Build Your Own Space Camera

Household items can give NASA a run for their money

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    NEWSLETTERS

    You may be amazed with what you can do with things sitting around your house.

    The picture you see may look like it was taken by something built by NASA, but San Diego resident Eric Madigan will make you reconsider the things lying around your house.

    "I can't believe it actually worked," he says when talking about the camera he sent 25 miles up above the surface of San Diego County.

    It turns out; Madigan's space camera is nothing more than an inexpensive digital camera, Styrofoam cooler, cell phone, and weather balloon.  In all it cost him about $200 to build.

    Build Your Own Space Camera

    [DGO] Build Your Own Space Camera
    You may be amazed with what you can do with things sitting around your house.

    "You could use Tupperware, if you wanted, I suppose," said Madigan.

    Madigan's project was based off an experiment by a team of MIT students last year.  It's something scientists say is becoming much more common as the size and price of technology decreases.

    "It's profoundly less expensive," says Eric Frost with SDSU's Viz Lab.

    Frost says you can fill a trash bag with helium, tie it to a string, attach a digital camera and you can make your own aerial photographs.

    "And then you do a really simple thing, just walk the balloon," Frost said.

    In fact, that's how Frost and a team from the lab photographed SDSU's campus from 1500 feet in the air and he says these kinds of tools have a lot of real world, cost effective uses.  His team designed a remote control airplane with an inexpensive digital camera that has helped out on search and rescues all over the country, including the efforts for Chelsea King and Amber Dubois.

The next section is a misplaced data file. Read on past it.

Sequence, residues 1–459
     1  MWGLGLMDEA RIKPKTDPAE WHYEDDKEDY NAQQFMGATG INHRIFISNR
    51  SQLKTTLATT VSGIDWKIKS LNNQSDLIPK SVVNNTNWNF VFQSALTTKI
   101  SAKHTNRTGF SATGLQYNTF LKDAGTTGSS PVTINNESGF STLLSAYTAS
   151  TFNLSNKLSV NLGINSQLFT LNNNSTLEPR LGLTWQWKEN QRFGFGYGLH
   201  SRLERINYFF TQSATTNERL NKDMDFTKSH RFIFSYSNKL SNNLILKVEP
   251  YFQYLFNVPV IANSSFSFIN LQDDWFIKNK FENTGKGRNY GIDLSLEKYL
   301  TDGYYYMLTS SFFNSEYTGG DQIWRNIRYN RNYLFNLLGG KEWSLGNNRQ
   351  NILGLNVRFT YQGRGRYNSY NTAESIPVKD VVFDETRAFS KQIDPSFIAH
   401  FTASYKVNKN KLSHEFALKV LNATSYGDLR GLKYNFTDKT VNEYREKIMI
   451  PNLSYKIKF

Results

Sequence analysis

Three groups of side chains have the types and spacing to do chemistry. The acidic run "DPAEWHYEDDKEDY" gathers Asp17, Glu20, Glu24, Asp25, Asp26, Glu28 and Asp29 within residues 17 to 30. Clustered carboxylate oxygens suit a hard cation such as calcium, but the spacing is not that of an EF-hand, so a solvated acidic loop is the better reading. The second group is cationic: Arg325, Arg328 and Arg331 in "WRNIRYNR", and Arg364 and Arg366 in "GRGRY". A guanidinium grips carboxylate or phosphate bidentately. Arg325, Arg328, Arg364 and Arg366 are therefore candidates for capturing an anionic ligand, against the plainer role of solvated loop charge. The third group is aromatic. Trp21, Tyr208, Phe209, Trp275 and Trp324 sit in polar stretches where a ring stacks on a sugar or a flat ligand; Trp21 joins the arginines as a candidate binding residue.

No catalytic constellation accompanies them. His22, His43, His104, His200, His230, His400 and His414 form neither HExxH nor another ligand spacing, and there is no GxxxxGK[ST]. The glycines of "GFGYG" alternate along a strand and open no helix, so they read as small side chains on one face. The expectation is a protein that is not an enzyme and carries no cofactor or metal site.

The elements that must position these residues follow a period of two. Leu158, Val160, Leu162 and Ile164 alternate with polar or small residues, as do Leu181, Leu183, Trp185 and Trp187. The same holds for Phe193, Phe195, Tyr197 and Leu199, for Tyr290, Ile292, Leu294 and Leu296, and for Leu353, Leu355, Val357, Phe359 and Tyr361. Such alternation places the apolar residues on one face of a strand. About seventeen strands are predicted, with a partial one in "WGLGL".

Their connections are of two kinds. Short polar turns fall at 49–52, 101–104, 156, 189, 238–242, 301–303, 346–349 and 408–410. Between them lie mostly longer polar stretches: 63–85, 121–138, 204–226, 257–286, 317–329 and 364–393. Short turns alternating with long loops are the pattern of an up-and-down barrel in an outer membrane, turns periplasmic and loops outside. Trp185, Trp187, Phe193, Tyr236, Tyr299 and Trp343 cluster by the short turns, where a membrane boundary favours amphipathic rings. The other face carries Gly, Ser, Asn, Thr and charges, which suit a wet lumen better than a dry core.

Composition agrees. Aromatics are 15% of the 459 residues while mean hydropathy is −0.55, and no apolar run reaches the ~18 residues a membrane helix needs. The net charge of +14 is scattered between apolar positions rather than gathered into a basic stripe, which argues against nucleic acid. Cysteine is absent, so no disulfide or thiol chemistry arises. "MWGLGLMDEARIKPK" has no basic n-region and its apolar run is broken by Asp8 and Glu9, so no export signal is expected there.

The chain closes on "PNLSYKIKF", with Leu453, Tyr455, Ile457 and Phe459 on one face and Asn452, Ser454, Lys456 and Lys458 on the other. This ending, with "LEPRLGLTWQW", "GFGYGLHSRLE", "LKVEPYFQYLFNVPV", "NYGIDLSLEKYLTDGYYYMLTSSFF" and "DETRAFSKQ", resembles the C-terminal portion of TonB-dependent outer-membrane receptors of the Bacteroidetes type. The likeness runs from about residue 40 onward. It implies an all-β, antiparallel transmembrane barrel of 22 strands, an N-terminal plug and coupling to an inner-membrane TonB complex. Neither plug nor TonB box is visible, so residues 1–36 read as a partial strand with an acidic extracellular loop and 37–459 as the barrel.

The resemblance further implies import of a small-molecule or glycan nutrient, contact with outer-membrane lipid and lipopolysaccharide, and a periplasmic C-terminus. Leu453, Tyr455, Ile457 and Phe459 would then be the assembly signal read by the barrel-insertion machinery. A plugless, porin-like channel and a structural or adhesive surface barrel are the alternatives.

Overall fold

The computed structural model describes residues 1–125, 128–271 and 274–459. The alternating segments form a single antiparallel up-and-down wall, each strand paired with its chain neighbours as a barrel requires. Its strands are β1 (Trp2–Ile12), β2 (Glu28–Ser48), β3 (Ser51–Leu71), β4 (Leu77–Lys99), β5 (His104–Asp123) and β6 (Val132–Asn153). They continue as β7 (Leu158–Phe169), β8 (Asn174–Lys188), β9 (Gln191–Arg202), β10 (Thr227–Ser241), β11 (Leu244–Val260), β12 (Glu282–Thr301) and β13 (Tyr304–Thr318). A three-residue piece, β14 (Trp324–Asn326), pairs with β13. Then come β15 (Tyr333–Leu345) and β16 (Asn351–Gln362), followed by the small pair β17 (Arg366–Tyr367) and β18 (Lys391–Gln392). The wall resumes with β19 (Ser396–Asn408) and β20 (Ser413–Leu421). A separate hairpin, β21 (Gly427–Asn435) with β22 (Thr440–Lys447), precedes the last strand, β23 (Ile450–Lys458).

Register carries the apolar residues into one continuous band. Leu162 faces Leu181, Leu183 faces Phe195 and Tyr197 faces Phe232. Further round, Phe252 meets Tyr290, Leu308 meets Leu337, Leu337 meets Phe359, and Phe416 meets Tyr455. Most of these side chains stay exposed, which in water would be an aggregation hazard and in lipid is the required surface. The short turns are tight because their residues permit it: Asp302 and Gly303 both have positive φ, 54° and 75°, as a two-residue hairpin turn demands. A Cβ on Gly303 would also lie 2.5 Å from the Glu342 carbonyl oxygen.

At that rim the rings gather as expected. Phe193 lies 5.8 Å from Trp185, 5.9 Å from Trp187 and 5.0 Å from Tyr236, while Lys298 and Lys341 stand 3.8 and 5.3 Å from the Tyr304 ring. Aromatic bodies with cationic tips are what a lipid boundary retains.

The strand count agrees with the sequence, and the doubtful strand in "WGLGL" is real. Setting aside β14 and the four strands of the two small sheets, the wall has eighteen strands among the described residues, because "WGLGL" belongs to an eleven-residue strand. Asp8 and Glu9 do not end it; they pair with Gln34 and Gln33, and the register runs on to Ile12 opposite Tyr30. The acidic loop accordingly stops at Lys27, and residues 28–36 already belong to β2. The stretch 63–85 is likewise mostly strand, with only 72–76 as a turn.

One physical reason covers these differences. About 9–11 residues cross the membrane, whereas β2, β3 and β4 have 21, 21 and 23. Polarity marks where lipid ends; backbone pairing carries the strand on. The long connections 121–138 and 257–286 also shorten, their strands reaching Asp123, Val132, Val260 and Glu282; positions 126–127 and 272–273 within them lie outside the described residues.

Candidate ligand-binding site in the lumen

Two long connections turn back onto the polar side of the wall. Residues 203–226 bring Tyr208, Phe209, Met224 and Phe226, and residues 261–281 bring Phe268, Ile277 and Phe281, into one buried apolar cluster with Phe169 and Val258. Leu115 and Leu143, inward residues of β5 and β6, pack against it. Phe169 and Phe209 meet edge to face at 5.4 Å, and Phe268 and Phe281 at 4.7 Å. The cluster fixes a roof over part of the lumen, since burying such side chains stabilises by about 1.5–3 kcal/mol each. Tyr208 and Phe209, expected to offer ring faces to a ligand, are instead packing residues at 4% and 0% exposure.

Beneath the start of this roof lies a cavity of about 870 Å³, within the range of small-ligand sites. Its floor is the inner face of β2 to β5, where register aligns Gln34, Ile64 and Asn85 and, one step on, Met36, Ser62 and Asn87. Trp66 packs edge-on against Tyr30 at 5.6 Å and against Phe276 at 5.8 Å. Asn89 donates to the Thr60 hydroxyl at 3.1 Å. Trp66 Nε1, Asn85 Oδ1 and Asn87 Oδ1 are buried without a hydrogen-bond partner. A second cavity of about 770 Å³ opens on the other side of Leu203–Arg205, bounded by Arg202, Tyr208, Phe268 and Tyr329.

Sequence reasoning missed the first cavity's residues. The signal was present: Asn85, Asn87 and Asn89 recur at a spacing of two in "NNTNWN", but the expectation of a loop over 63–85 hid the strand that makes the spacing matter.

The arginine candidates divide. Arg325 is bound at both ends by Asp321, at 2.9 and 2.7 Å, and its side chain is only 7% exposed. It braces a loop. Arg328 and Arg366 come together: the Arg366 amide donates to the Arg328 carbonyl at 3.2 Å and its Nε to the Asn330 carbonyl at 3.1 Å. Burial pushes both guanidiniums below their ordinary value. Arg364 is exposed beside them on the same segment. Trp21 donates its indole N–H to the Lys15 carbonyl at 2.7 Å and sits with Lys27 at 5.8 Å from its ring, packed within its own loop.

"It's not just looking for where's the body," he said. "But it's also where are there trails, how would you get in there, do we need horses?"

    Frost says the balloons and remote control planes can be used in wildfires because they can fly in conditions too dangerous for helicopters or other aircraft without the risk to human life.  He also says after the gulf oil spill, balloons with cameras attached were towed behind boats to get an inexpensive and real time aerial assessment of the damage.

    "It's nearly free, but highly effective," says Frost.

    Eric Madigan used the cell phone's GPS to find the camera after it came crashing down into a remote area of the desert away from any people or homes, on purpose.

    "But contact the FAA. Make sure they ok your flight," Madigan said.

    On its website, the FAA has a list of regulations you must follow if you're trying something like this.

    As for Eric Madigan, he doesn't plan to sell those photographs and at that price, he can afford to just give them away.

    "I'm really happy with the way they turned out," he said. "They're great pictures."